Do you remember the good ‘ole days? I’m talking about January 2020! The economy was humming, sales kickoffs and annual awards were celebrated, and many sellers were on their way to their best sales year ever.
And then, for many businesses, the celebrations and high fives stopped because of the impact of COVID-19.
There is still business to be conducted and relationships to be built. For some organizations this had been a positive trigger event, especially for anyone selling products and services that benefit a new remote workforce.
Salespeople lacking emotional intelligence skills will blow the opportunity to serve prospects and clients at this critical time. Good intentions might come across as self-serving rather than other serving.
Sales managers, now, more than ever, is the time to teach your sales team the importance of prospecting with emotional intelligence. I refer to these skills as the big Es.
#1: Empathy. Sales managers, at your next group sales meeting, ask each member of the team to pause and write down what it’s like to be in their prospect’s business right now. Charles Eisenstein, author and speaker, shares a great question that’s important for all of us to ask during these times:
“What’s it like to be you?”
When your sales team understands the answer to that question, they will be equipped to integrate empathy into their prospecting outreaches.
For example, a salesperson selling video conferencing services has a huge opportunity to truly help prospects. But if the salesperson starts pitching the benefits of their tech tool and why it’s so important in today’s virtual business environment, the outreach will fall flat.
It’s important for sellers to first acknowledge what is going on in this prospects business. A business owner might be reeling from layoffs he just had to make. Or, she is wondering how effective is her field sales team going to be as they transition to inside sales.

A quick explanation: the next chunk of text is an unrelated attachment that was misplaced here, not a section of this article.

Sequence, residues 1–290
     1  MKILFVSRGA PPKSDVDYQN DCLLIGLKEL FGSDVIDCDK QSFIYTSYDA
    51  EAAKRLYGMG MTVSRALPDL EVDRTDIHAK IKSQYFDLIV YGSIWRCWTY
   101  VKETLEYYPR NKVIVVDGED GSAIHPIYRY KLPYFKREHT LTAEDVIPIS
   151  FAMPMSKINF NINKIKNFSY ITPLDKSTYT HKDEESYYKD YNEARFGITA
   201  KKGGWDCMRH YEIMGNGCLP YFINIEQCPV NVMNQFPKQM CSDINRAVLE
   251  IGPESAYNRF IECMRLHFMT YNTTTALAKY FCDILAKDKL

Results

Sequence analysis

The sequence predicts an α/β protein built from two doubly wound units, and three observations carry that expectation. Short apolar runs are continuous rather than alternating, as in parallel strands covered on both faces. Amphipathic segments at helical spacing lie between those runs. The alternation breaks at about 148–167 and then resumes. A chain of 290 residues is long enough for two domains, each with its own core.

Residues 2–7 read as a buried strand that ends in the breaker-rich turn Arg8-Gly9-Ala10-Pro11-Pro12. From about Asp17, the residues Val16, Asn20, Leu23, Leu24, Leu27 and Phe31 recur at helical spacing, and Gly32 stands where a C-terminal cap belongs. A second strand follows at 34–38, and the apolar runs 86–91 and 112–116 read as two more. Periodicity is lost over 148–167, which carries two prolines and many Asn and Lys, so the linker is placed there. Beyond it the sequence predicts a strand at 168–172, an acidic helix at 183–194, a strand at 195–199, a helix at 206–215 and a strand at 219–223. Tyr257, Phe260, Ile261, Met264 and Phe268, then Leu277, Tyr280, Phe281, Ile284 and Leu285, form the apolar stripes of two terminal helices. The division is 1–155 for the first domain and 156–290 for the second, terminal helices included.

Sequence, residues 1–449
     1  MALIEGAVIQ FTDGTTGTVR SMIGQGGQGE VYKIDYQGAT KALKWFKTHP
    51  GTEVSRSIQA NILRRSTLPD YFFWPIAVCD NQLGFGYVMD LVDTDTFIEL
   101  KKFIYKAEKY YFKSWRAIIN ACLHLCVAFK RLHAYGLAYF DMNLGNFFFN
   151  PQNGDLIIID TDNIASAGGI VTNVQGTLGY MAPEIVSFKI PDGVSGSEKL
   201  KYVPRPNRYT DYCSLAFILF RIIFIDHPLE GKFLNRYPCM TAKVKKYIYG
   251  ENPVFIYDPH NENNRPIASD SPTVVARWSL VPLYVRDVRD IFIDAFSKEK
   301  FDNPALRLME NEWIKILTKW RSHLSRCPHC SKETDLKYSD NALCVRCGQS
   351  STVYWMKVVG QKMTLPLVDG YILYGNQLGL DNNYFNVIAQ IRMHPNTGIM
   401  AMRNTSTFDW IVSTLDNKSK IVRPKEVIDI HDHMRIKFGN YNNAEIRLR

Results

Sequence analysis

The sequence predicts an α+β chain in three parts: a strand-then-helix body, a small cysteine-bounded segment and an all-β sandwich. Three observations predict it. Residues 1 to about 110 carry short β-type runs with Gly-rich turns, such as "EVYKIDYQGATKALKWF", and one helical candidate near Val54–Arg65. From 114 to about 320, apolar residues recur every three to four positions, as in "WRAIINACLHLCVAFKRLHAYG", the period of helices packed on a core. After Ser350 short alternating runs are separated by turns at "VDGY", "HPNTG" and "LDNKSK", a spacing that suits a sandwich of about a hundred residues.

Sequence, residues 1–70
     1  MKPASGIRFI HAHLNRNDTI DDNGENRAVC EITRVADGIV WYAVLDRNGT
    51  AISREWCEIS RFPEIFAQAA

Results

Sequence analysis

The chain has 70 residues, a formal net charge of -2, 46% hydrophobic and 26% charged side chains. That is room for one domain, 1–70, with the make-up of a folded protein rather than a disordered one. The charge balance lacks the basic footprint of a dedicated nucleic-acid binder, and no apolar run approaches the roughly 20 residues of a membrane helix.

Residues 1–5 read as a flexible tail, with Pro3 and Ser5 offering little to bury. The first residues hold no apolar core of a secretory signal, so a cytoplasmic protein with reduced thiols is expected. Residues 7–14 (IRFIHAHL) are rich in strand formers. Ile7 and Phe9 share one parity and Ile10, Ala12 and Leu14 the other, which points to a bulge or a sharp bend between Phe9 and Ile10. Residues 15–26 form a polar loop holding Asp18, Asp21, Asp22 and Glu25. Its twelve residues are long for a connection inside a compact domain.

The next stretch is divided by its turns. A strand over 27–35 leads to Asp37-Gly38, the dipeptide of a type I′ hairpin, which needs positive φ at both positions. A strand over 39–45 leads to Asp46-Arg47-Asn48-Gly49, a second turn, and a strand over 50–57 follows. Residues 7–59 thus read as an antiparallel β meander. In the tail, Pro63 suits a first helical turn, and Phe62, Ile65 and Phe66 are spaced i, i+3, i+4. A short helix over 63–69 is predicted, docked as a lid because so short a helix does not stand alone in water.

Make sure your sales team addresses the question, “what’s it like to be you” in their prospecting outreaches. Empathy first, expertise second.
#2: Emotion Management. The real buyer in any selling situation is your prospect’s reptilian brain. And right now, there are a lot of reptilian brains running the decision-making show. Prospects might be operating from a position of fear. They are looking for safety, not risk.
So, what can you and your sales team do to make buying your products and services safer?
Some companies share videos on their website, showing what they are doing to keep their customers and employees safe. My mother-in-law is in assisted living and we just got a note sharing how all mail is cleaned with disinfectant before delivering to the rooms.
I’ve seen companies offering more “try before you buy” opportunities to lower the risk and build trust.
Many are offering a guarantee.
Make it safe to work with your company.
Henry Bruckstein, founder of Campaign Stars, a sales enablement company, and I were discussing this fine balance last week. He shared some great wisdom. “This is a time to deepen relationships or put a dent in a relationship.”
Sales managers, teach your sales team the big Es of effective prospecting. Demonstrate empathy and sell to the real buyer, the emotional brain.